Between Christmas and New Year’s, I decided to just bite the bullet and really study, doing about five to ten practice tests every day, going through the app multiple times and answering all the questions I got wrong multiple times. At some point, I knew the videos and questions so well that I didn’t need to watch the video more than once to answer the question correctly. For fun, I asked Christian to take one practice test to see how he would fare. He failed worse than I did, even though he has had his license longer than me.

After New Year’s, I called the driving school again and said I was actually ready to take the written exam. I went in on a Thursday and did three proctored practice tests. The school’s rule was that if you could pass the proctored practice test three times in a row, you were ready to take the actual exam. Each practice test is as long as an actual test—you have 45 minutes to complete 30 questions. I did all three tests in about 30 minutes total and passed all of them without any problems. The driving school signed me up to take the test, but then I noticed that I was signed up to do it in German. I pointed this out and they called the TÜV (the office that runs the official test). But because of bureaucratic nonsense, the woman could change my preferred language in the system, but it took 24 hours to go into effect. However, the test couldn’t be taken on Friday because the test is only offered Monday to Thursday.

Practice results when I failed

This was slightly annoying, but better that I hadn’t gone to the test only to find out I had to take it in German after more or less memorizing all the information in English. I practiced some more on the weekend, determined to pass the test on my first attempt. What makes the test fairly difficult is that you’re only allowed a maximum of ten negative points; anything over this, and you fail. The number of negative points is not determined by the number of questions you have wrong. Each question is worth a different number of points and based on how right or wrong you are, that could impact your score. So even on practice tests, I might only get three questions wrong (out of 30), but the number of points could add up to 14 negative points. You can see an example of this in the screenshot above.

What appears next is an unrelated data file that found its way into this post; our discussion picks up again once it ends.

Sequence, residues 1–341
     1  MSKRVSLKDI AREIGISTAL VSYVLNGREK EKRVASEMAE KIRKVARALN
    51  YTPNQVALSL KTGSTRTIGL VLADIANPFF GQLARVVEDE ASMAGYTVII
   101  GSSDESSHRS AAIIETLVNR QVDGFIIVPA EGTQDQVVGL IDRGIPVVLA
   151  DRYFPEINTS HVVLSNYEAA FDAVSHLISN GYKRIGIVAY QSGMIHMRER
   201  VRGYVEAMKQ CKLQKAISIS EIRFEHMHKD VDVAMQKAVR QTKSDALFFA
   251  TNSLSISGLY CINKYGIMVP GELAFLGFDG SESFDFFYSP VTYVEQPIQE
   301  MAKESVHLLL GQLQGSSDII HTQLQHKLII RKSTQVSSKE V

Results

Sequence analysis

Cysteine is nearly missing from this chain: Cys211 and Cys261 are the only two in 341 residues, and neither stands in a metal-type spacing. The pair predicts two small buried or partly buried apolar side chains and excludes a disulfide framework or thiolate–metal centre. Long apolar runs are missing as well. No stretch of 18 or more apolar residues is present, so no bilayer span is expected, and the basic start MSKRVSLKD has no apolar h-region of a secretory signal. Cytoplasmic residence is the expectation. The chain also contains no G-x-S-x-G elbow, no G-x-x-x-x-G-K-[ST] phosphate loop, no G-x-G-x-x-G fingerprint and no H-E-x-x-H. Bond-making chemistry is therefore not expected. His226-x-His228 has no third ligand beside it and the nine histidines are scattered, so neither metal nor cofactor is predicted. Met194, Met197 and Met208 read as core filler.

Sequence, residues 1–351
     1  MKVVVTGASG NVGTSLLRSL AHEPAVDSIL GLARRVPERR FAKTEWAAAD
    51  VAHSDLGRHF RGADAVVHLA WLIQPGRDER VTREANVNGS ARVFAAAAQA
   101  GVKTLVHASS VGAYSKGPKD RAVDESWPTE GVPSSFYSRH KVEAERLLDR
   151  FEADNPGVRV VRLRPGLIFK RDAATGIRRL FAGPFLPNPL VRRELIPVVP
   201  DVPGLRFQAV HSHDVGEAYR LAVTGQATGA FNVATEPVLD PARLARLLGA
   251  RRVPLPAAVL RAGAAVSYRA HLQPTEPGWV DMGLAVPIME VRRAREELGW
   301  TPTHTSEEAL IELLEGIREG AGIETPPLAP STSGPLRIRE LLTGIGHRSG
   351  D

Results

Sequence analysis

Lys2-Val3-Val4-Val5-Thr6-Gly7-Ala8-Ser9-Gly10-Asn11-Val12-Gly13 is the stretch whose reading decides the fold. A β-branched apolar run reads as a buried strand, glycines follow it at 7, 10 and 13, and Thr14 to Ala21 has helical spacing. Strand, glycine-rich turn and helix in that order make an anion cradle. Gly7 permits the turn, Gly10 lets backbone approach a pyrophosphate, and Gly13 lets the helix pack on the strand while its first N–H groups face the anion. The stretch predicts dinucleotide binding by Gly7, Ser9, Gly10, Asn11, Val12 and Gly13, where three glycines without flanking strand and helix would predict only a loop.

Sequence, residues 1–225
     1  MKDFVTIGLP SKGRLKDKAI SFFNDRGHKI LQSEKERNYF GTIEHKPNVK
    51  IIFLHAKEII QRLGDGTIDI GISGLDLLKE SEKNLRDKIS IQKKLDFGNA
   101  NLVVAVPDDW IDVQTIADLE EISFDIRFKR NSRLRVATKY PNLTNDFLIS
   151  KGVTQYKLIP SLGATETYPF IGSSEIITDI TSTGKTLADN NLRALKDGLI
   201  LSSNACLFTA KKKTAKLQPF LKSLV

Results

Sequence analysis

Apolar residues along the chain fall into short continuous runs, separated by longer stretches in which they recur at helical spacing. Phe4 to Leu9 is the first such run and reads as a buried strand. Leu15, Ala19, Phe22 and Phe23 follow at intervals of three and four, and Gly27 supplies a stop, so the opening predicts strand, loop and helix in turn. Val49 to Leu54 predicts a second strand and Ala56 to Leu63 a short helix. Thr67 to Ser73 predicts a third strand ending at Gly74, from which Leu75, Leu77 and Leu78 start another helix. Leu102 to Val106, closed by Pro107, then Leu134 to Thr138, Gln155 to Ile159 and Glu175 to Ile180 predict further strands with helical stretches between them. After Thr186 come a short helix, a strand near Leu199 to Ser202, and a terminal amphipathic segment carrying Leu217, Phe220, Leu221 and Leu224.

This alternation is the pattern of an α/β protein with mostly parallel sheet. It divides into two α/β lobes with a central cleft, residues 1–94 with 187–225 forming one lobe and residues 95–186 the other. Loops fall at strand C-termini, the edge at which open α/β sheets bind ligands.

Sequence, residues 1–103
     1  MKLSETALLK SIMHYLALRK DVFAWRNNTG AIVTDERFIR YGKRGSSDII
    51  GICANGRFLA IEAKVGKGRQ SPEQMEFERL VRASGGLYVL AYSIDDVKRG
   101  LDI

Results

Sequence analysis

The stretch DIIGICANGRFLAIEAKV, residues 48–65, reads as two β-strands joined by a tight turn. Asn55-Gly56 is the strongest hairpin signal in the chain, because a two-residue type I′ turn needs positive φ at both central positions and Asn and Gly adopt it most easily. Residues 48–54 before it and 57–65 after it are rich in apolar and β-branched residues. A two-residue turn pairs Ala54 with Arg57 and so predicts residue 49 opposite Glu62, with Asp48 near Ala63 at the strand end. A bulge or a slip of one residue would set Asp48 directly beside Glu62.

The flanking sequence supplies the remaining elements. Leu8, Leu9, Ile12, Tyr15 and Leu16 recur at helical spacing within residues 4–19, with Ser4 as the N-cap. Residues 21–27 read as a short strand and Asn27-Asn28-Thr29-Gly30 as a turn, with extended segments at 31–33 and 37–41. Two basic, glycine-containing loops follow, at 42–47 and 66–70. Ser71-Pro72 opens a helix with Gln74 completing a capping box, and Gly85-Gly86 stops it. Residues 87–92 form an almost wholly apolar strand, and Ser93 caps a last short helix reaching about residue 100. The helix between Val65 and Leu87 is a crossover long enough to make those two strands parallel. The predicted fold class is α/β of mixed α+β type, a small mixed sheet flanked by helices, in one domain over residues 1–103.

I took the test on a Monday before going to work. I finished it in about 15 minutes and passed with only one question wrong:

The question I answered wrong

The screenshot above is the screenshot from when I practiced. However, during the test, I took it literally and left out the answer, “You must indicate right when leaving the roundabout” because you indicate after you’ve seen the sign. That was my logic and it was the only question I got wrong. I passed with only four negative points.

Now that I’ve passed the written test, I’m taking a few driving lessons with a teacher. I haven’t ever learned to drive with manual, and here in Germany, if you do a license with an automatic transmission, then it says it on the license that you’re only allowed to drive automatic cars. I don’t really want this limitation, so I think it’ll be good to finally learn manual. Once the driving teacher thinks I’m ready to take the practical test, I’ll be able to do it and finally be able to get my license. I’m hoping that this is before the summer concert season starts so I can be designated driver for some shows.

In my last post, I outlined the time and money required with bureaucracy. Here’s the additional information related to the practical test in this post:

Time involved:

  1. According to the app, the total time I spent doing practice questions and tests: 2 days
  2. Reading the horrible dry book (rough estimation since I spread it out over several days because otherwise I would’ve poked my eyes out): 0.5 day
  3. Waiting for the bureaucratic change to take effect: 1 day

Add this to the total time up spent up to August 2018: 22 weeks, 3.5 days

Total costs:

  • Changing the exam/app to English and borrowing the book from the driving school: 75€
  • Cost of the proctored practice tests at the driving school: 60€

Total additional costs for written exam: 135€

Total costs, including those up to August 2018: 800.25€

I’ve already started my driving lessons, but I’ll talk more about them in a forthcoming post with the practical part about getting my German driver’s license. But one thing I’d like to say about them: